NBAA Commends Prompt Action in House Committees on Bills to Reopen National Airport to General Aviation

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Washington, DC, April 29, 2005 – National Business Aviation Association (NBAA) President and CEO Ed Bolen today issued the following statement in response to an April 26, 2005, article, published in USA Today, which focused on business aircraft use. NBAA also has sent a letter to the editor of the newspaper concerning the matter.

What USA Today Didn’t Say About Business Aircraft Use

A statement from Ed Bolen, president and CEO, National Business Aviation Association

It seems that every year or so, a journalist recycles a story about the annual filings of publicly traded companies to write a condemning account of corporate officials’ use of company aircraft. So it was with a recent USA Today story focusing on use of company planes for personal executive travel (“The corporate jet: Necessity or ultimate executive toy?” 4/26/05).

Unfortunately, this sensationalist approach conveys the impression that business aviation is simply a perk of the corporate elite, when the facts document a very different, American entrepreneurial story.

About 15,000 business aircraft are registered in the United States, only 3 percent of which are flown by Fortune 500 companies. The vast majority, 97 percent, are flown by a diverse group of operators in every state – government, schools and universities, farms, foundations and other charitable organizations, religious institutions and an array of small and medium-size businesses.

Passenger surveys indicate that the majority of business aviation flyers, 86 percent, are not top management, but mid-level, professional or technical staff heading to a remote location or making more efficient use of business time.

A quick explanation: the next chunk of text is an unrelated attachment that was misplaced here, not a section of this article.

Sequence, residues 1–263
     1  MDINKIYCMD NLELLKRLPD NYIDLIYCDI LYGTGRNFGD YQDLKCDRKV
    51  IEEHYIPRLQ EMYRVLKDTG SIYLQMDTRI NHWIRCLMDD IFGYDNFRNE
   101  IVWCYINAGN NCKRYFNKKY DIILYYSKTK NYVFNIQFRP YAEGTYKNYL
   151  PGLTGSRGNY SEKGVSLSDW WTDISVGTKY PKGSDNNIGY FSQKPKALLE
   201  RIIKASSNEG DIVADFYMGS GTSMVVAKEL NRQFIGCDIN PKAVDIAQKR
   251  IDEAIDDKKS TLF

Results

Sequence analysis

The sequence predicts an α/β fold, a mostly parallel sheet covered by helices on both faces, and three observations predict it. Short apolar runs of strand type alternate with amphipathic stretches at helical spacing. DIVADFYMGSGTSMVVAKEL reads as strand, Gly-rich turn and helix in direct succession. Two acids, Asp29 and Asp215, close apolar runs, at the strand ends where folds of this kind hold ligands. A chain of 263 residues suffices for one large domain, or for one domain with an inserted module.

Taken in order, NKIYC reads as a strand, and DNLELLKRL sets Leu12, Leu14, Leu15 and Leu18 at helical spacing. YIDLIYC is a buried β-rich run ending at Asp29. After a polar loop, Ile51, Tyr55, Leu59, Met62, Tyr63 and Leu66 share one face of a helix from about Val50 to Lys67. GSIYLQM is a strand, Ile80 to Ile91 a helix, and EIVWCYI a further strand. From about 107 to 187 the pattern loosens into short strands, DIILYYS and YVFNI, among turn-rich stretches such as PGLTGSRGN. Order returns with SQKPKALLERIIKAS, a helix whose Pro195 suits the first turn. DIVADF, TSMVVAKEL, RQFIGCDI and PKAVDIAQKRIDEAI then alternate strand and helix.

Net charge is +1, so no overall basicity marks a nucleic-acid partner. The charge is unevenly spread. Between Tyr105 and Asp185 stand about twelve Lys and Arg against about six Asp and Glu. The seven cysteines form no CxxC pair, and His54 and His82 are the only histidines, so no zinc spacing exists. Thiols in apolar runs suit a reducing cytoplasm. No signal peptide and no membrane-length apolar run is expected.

Surveys also show that business aviation passengers who make decisions about whether or not to use company aircraft are cost sensitive; their use drops by half if the cost of that business flight increases by $300 per takeoff and landing.

And, contrary to claims made in USA Today, studies have shown that companies operating business aircraft earn over 140 percent more in cumulative shareholder returns than companies without business aircraft.

So what about the minority of corporate executives whose compensation includes personal travel privileges on company planes, which USA Today chose to focus on instead of the more than 10,000 American companies using business aircraft?

There are many reasons why an executive might use aircraft for purposes other than business travel. Some company directors require top executives to use company planes for all their travel based on the outstanding safety and security of business aviation. In a post-9/11 world, security for many companies has become a higher priority, and a company plane features pilots, crew and passengers who all know each other, in contrast to the passenger airlines. Other company directors cite the importance of making the best use of their top executives’ time, and prefer the greater efficiency of a company plane to commercial aviation. In some instances, top executives have negotiated personal use of company planes as part of their compensation packages.

Corporate boards of directors develop travel policies including personal use of corporate planes in full compliance with federal tax laws and Securities and Exchange Commission rules. These decisions are based on what is deemed best for running the business and retaining top management talent. In sum, on what is best for the bottom line.

The fact is, America’s business aviation travelers are many thousands of professionals, managers, owners and technicians flying to conduct business safely and efficiently. It’s unfortunate that USA Today tried to portray this community in an unfavorable light.

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Founded in 1947, NBAA serves more than 7,000 Member Companies by promoting the aviation interests of organizations utilizing business aircraft in the United States and worldwide. The association provides more than 100 products and services to the business aviation community, including the NBAA Annual Meeting & Convention, the world’s largest civil aviation trade show. Learn more about NBAA at